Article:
Pakistani Pop Music: A Visual History
Ko Ko Korina was arguably the first Pakistani Pop song. It was recorded for the 1966 Urdu film, Arman.Written by Masroor Anwar and composed by Sohail Rana, it was sung by Ahmad Rushdi. The song was lip-synched by Waheed Murad in the film.
The title of the song was inspired by a Coke bottle which some thought looked like a curvy woman. Rana composed the song by heavily borrowing elements from various Western music genres, especially ‘Surf-Pop’ (of the Beach Boys), ‘Twist’ music of the early 1960s and the traditional Spanish flamenco music.
It turned Ahmad Rushdi into the country’s first pop star.
Sohail Rana (seated from left), Masroor Anwar and Waheed Murad on a mixing-board at Karachi’s EMI-Pakistan Studios during the recording of Ko Ko Korina.
Musicians from cover bands, mostly made-up of Karachi-based Christians, who played at the city’s many nightclubs, were used as instrumentalists on Ko Ko Korina. This became the thing to do on pop songs recorded for Urdu films.
Ahmad Rushdi performing Ko Ko Korina on PTV in 1967.
A teenaged Runa Laila performing on PTV in 1970. She was introduced by Sohail Rana and became the female equivalent of Ahmad Rushdi.
A 1972 album of Runa’s hit pop songs (recorded for various Urdu films).
Even though an Bengali, Runa stayed behind in West Pakistan when East Pakistan broke away in 1971 and became Bangladesh. However, three years later in 1974, when at the peak of her singing career in Pakistan, Runa suddenly moved to Bangladesh.
M Ashraf in 1973. Whereas Sohail Rana continued to consolidate his position as Pakistan’s leading composer of pop-tinged Urdu film songs, established composer, M. Ashraf, began foraying into the pop territory from 1973 onwards.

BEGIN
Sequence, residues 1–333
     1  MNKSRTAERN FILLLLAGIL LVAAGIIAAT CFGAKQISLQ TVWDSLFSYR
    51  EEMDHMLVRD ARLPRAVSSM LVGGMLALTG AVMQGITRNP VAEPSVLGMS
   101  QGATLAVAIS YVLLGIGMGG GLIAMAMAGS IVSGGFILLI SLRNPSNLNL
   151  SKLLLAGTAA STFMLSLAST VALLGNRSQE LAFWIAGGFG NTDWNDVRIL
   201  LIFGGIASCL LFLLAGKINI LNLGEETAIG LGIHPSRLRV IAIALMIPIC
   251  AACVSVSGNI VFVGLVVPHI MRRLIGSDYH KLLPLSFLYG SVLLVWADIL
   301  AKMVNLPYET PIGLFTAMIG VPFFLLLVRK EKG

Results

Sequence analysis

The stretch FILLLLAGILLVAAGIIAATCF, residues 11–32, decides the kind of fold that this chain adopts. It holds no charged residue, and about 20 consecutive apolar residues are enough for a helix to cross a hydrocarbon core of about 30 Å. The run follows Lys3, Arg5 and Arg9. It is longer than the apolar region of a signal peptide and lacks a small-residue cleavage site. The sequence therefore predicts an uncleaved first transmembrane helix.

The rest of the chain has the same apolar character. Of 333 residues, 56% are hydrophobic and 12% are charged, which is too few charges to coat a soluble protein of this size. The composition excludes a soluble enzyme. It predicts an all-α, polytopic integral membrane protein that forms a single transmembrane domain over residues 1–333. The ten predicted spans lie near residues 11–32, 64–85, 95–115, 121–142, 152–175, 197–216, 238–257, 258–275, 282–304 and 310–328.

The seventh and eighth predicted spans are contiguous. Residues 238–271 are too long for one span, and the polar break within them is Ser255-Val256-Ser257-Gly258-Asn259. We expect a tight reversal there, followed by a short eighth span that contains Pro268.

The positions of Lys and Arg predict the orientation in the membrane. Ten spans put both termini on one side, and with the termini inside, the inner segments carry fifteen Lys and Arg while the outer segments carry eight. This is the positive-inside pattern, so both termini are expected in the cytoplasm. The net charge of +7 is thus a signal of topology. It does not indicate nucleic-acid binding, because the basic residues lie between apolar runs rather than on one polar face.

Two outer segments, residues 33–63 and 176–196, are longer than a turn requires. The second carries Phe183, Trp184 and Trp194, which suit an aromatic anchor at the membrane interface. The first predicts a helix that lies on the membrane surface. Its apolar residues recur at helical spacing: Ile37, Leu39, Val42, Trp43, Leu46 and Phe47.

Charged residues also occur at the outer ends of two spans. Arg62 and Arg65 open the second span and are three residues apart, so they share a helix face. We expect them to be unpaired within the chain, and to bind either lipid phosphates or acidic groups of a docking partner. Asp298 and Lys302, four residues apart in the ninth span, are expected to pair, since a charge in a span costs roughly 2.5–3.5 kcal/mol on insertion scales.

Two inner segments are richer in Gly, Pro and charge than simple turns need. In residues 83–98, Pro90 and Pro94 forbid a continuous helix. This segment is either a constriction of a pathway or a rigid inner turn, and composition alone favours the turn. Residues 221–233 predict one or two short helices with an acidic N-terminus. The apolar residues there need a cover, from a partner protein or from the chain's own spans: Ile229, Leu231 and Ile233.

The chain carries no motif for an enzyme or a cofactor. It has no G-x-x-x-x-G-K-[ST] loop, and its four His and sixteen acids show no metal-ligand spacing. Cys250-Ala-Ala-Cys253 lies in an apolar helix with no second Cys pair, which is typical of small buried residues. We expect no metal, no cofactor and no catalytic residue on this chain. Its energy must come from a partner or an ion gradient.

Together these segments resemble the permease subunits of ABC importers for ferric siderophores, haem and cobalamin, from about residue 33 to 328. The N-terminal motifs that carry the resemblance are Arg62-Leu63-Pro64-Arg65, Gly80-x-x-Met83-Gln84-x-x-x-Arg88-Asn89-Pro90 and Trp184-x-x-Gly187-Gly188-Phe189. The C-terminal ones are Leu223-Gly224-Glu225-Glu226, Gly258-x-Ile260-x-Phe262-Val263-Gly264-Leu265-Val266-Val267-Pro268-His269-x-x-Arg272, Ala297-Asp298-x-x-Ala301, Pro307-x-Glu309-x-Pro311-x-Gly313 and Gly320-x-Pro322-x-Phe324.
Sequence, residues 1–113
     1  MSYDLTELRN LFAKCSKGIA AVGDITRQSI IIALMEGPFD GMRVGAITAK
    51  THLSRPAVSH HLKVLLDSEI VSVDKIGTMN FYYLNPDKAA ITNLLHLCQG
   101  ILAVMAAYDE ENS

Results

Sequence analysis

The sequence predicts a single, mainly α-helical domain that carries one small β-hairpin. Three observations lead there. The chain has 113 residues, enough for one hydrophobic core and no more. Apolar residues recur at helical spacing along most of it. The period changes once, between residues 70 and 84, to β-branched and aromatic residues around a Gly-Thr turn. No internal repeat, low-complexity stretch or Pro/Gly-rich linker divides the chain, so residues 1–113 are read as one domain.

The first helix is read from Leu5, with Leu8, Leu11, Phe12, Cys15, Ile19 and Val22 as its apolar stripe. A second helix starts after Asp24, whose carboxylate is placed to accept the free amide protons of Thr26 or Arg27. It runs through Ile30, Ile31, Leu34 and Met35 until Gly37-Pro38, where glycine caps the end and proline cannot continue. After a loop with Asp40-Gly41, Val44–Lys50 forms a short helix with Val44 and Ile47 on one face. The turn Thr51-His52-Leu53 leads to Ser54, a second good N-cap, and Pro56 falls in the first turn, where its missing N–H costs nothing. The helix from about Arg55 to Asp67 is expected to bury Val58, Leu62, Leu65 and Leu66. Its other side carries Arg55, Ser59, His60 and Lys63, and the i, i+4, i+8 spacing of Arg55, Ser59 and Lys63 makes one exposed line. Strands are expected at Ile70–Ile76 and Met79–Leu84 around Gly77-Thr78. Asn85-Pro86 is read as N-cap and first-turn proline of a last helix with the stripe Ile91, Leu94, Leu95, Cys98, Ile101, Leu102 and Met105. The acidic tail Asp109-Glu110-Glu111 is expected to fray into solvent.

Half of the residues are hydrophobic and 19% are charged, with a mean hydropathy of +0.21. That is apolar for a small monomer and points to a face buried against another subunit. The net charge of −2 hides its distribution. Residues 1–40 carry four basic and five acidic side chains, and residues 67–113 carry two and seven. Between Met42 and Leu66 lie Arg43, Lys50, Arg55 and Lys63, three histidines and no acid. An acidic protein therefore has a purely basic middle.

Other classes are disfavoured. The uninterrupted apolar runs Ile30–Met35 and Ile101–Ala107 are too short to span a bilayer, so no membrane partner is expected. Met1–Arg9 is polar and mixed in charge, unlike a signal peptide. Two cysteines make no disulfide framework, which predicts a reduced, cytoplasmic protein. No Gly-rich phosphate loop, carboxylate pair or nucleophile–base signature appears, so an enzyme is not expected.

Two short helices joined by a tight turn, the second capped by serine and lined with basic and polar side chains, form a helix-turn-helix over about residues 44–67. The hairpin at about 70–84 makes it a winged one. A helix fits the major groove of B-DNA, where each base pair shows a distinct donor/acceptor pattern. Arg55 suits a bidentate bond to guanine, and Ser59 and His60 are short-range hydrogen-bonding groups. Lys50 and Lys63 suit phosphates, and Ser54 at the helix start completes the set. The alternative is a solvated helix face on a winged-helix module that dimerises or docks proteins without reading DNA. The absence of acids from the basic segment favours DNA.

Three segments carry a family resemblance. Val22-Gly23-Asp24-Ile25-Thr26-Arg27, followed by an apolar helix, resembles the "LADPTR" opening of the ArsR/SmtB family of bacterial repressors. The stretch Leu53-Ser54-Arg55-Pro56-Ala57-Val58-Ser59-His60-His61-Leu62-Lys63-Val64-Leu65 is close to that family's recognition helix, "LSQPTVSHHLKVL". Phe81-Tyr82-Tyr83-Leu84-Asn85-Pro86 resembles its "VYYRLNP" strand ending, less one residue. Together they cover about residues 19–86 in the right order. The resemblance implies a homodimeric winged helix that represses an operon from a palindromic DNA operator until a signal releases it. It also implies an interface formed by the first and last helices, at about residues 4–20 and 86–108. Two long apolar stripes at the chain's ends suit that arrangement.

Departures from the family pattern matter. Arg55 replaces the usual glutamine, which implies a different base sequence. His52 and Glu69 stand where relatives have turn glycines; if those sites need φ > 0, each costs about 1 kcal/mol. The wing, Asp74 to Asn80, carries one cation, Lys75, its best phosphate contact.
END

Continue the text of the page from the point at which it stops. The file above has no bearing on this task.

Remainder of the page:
M Ashraf scored his first major pop hit which he composed for 1973’s film, ‘Society’. The song was ‘Aik Meri Jaan.’ Ashraf took elements from the time’s steamy ‘Glam-Rock’ genre to construct the song.
Alamgir in 1972. A wandering hippie who would play for anyone willing to pay for a cup of tea and a cigarette, Alamgir was used by composer Lal M. Iqbal to record a melodious pop song for 1974’s Urdu thriller, Dhamaka. Even though the film flopped, Alamgir’s song, ‘Ham Chalay’ became a radio hit.
Naheed Akhtar in 1974. Daughter of a small-time tailor, she was discovered by M. Ashraf. A versatile singer, she was also used by composers to fill the vacuum created by Runa’s move to Bangladesh. Akhtar’s first major pop hit was the raunchy ‘Tu Tru Tara Tara’, composed by Ashraf for 1975’s Urdu film, ‘Mohabbat Zindagi Hai.’
Ahmad Rushdi’s last major pop hit came in the shape of 1975’s ‘Dil Ko Jalana.’ It was composed by M Ashraf for ‘Mohabat Zindagi Hai.’
Robin Ghosh became an accomplished composer who mastered the art of using both specialist as well as non-pop vocalists to sing songs which fused the extraordinary melodicism of the 1970’s Pakistani and Indian film songs with elements borrowed from the music of the time’s famous pop acts such as The Carpenters and the pre-Disco-era Bee Gees.
Robin’s first major foray into pop was through 1974’s film, ‘Miss Hippie.’
One major example of Ghosh’s penchant for using established non-pop singers to sing pop-tinged songs is 1977’s ‘Kabhi mein Sochta Hoon.’ Recorded for the film ‘Aaina,’ the song is sung by the great ghazal-singer Mehdi Hassan. It is still remembered for its rich pop arrangement.
With the steady decline of Ahmad Rushdi, Alamgir reinvented his image from that of a hippie to a smooth pop crooner.
Alamgir finally ran past Rushdi with 1977’s ‘Daikha Na Tha.’ Composed by Khalil Ahmad and Alamgir for the Urdu film, ‘Julie,’ Alamgir sang it as a duet with the visiting Turkish pop singer, Naazi.
Hot on heels of Alamgir’s rise was Muhammad Ali Shahki. He emerged in 1978 as a Pakistani version of John Trovolta’s dancing charactar in 1977’s Disco blackbuster, ‘Saturday Night Fever.’ Boasting a voice which reminded people of Kishore Kumar, Shahki largely composed his own songs.